I won't even try to replicate Dancy's self-data project for myself. But perhaps a (very) toned down version of his regimen is worth the investment. My blood pressure isn't where it should be, and I have trouble sleeping. I'm sure the causes are buried in device, sensor, and other data that's at my disposal.

What do you think? Is Dancy just a data fanatic, or has he found a new road to enlightenment? Share your thoughts below.

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Shane O'Neill is Managing Editor for InformationWeek. Prior to joining InformationWeek, he served in various roles at CIO.com, most notably as assistant managing editor and senior writer covering Microsoft. He has also been an editor and writer at eWeek and TechTarget. ... View Full Bio
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PedroGonzales
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PedroGonzales,
User Rank: Ninja
8/15/2014 | 12:01:52 PM
Re: I can barely keep track of my keys
@ thomas. I agree. After a good workout I sleep like a baby.  I think what we should learn from his experience is that my monitoring ourselves we can discover pattern to help us live more productive likes. One doesn't have to buy fancy sensors; a person can start by logging their activity on a journal.
Thomas Claburn
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Thomas Claburn,
User Rank: Author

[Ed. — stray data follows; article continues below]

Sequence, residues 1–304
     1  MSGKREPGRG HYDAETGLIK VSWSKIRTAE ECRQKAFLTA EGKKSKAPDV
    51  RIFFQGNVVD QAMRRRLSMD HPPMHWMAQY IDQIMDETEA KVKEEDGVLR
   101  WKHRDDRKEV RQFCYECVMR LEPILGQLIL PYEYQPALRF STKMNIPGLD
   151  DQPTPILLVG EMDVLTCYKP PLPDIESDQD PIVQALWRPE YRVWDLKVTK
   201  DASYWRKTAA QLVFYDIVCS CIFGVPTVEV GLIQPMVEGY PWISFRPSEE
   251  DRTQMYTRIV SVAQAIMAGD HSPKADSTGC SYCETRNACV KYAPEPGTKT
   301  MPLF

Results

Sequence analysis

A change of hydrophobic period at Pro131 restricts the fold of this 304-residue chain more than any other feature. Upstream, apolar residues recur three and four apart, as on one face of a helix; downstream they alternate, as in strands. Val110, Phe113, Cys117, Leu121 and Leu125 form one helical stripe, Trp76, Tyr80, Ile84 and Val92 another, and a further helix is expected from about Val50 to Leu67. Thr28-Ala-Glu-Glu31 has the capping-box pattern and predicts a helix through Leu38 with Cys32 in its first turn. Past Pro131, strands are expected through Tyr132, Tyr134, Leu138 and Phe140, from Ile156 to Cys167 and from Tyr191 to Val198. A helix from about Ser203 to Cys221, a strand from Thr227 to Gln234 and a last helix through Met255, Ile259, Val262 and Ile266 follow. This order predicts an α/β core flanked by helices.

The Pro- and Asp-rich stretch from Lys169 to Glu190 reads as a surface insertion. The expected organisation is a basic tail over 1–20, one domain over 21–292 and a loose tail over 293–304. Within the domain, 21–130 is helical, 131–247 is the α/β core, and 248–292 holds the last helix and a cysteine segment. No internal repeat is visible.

8/13/2014 | 4:49:51 PM
Re: I can barely keep track of my keys
Unfortunately, self-marketing in the social media age seems to involve taking extreme positions and documenting them.

>In his crusade to record his life, is Dancy missing out on living it?

In a nutshell, yes.

And if you're having trouble sleeping, I find this works for me: Do something athletic in the evening. I've been doing taekwondo for a while now and sleeping after a workout is never a problem.
Laurianne
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Laurianne,
User Rank: Author
8/13/2014 | 2:58:59 PM
Data
Will your wearable camera someday tell you whether you made your significant other frown or smile more that month? Let's hope you can track that yourself -- without data.
Shane M. O'Neill
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Shane M. O'Neill,
User Rank: Author
8/13/2014 | 11:14:25 AM
Re: I can barely keep track of my keys
I think you have to be really passionate about wearables and data analysis to approach anything close to what Dancy is doing. Most people are too busy getting through life. For me, tracking my runs via the Nike+ app is enough for now. But sleep tracking analysis interests me -- either via sensor or wearable device. 
David F. Carr
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David F. Carr,
User Rank: Author
8/13/2014 | 10:53:07 AM
I can barely keep track of my keys
For me, the problem with wearables is they'd be scattered all over the house.